More than 1,000 locals, in clusters of 10 to 50 at the sides of Lowry Street, lined the streets and waved American flags as the F/A-18c Hornet painted in Blue Angels’ colors arrived for its final mission as the centerpiece of the Capt. Jeff Kuss USMC Memorial in Smyrna.
The number “6” on this Hornet’s tail was number “3” during last year’s Great Tennessee Air Show, a companion plane to the one that carried Capt. Kuss to his death June 2, 2016, on a field near the Sam Davis Home.
The two aircraft are essentially identical; though one destroyed, and one lives on, to carry Captain Kuss’ memory.
The Hornet came 450 miles from the Blue Angels’ home field at Naval Air Station Pensacola, Florida, where it was recently retired after reaching the limits of its service life.
It was neatly packaged onto a specialized flat-bed truck operated by All Coast Aircraft Recovery of Weirsdale, Florida, owned by Cmdr. Chuck Mosely, United States Navy (ret.). Mosely’s firm specializes in movement of all types, models and series of aircraft for museums around the country.
Last trip from Pensacola
The aircraft is on permanent loan to the Town of Smyrna from the National Naval Aviation Museum in Pensacola.
The truck’s route took its special cargo north on Interstate 65, to Interstate 840, onto Lowry Street at the exchange, where it moved at a parade pace past the Depot businesses and Smyrna Town Hall, followed fore and aft with the blue and red flashing lights of its fire and police escorts, to include multiple Smyrna Police cars for traffic and ceremony, several engines of Smyrna Fire, and cruisers from the Rutherford County Sheriff’s Office and the Tennessee Highway Patrol.
The Hornet passed slowly under a large American flag held aloft by two Smyrna Fire Department ladder trucks in front of the Lowry Street Fire Station. A television news helicopter recorded the entire route in Smyrna, as locals paid their respects at the side of the road.
The Hornet moved along Lowry Street to the ramp onto Sam Ridley Boulevard, down Threet Industrial Boulevard and Doug Warpoole Road, where it paused for a brief public viewing and press conference on the flight-line near the Smyrna/Rutherford County Airport Authority building.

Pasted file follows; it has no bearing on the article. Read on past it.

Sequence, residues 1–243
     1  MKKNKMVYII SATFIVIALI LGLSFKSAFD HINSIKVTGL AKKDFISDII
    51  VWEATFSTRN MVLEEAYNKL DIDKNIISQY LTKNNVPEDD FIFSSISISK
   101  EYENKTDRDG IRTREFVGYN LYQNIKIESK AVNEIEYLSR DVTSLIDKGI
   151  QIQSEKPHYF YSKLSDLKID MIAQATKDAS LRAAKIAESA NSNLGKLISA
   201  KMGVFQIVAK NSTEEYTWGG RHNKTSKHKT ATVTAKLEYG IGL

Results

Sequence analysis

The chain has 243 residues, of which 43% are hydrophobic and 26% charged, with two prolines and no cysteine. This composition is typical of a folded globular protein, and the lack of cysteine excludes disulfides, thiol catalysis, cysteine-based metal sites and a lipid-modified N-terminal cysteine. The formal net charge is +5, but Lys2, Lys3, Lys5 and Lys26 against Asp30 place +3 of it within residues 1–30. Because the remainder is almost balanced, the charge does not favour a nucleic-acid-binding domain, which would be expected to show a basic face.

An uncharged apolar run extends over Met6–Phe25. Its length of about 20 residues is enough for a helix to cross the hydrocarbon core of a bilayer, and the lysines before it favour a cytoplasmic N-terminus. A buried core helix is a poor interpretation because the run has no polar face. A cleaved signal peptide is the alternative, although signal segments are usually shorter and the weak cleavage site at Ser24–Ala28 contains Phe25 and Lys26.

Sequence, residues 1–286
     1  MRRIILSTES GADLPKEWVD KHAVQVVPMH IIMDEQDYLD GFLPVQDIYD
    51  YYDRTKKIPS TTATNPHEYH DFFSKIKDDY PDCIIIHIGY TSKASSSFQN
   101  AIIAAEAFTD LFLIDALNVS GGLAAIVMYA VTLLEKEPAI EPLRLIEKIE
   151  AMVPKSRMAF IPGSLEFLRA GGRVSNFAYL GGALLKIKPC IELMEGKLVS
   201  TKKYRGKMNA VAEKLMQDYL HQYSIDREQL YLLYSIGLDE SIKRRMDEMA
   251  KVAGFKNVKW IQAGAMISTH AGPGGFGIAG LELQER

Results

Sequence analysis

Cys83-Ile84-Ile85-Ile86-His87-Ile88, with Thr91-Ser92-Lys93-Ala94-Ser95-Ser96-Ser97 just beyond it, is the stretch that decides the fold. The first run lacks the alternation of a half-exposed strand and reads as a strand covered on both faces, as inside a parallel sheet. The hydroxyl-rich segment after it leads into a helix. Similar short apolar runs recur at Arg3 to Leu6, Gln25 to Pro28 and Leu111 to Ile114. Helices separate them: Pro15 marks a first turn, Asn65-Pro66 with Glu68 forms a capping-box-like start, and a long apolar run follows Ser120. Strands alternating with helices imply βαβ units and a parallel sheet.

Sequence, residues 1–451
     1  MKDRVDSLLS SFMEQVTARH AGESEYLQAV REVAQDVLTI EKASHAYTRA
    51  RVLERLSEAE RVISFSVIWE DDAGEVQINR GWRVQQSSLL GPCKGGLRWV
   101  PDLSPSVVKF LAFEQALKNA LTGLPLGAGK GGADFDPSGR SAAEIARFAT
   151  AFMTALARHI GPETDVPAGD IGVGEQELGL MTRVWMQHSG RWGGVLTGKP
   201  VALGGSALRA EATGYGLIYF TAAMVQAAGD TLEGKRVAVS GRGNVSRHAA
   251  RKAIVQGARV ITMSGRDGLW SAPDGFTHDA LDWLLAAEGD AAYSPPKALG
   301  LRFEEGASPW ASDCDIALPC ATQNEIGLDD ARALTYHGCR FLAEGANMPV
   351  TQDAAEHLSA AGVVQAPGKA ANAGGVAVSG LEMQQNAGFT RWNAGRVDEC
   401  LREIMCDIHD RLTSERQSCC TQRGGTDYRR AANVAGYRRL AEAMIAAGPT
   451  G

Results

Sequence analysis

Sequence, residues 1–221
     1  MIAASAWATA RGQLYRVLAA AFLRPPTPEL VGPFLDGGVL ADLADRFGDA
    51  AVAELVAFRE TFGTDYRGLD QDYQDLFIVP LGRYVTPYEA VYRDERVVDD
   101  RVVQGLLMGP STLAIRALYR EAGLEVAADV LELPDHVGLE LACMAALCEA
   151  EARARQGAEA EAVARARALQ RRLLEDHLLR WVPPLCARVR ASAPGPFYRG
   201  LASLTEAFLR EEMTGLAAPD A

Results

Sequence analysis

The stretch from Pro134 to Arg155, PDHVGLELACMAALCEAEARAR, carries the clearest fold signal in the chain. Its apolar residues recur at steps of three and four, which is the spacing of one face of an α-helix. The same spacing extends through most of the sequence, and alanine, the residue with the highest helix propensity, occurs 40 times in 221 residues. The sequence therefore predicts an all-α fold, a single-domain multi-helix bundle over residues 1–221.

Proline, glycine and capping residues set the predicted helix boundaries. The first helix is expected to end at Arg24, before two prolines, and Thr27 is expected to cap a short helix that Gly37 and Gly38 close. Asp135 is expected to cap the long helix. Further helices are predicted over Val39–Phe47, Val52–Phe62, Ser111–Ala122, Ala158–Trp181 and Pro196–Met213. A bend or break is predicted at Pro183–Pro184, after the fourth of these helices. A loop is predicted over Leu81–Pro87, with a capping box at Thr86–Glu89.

‘Community wanted to see a memorial’
On the flight-line, town officials, and citizens mingled, sharing pictures and stories.
“This is important to Smyrna because initially, when the crash happened, we were all going through the grieving process as a community” Smyrna Mayor Mary Esther Reed said. “Once we got through that grieving process, the community wanted to see a memorial, something they physically could go to honor Cpt. Jeff Kuss. The Memorial Committee got together and went to work.”
Reed said the request for a Blue Angels aircraft from the National Naval Aviation Museum was approved much more quickly than anyone expected and initiated a surge of work and activity for the Memorial Committee. She said the Memorial Committee is very thankful for the donated services of local architectural firm Kline Swinney Associates, who designed the Kuss Memorial in keeping with the expressed desires of the community.
After the public viewing, the Hornet was then taken across the runway to a hangar, where a professional crew removed it from the flat-bed trailer and reinstalled its wings. The aircraft will remain in storage until ready to be installed at the Capt. Jeff Kuss USMC Memorial.
Fundraising goal not yet met
Groundbreaking for the memorial will be in the Spring on a date to be announced, with completion of the memorial in the Fall. With a fundraising goal of $1 Million, more than $680,000 has been raised thus far through corporate and private donations.
Three levels of personalized bricks are available for purchase with a donation, starting at $100, and may be tax deductible as a charitable contribution. Donations can be made by texting “Jeff” to 71777, in person via cash or check at Smyrna Town Hall at 315 S. Lowry Street, at Franklin Synergy Bank at 724 President Place, or online at captjeffkussusmcmemorial.com.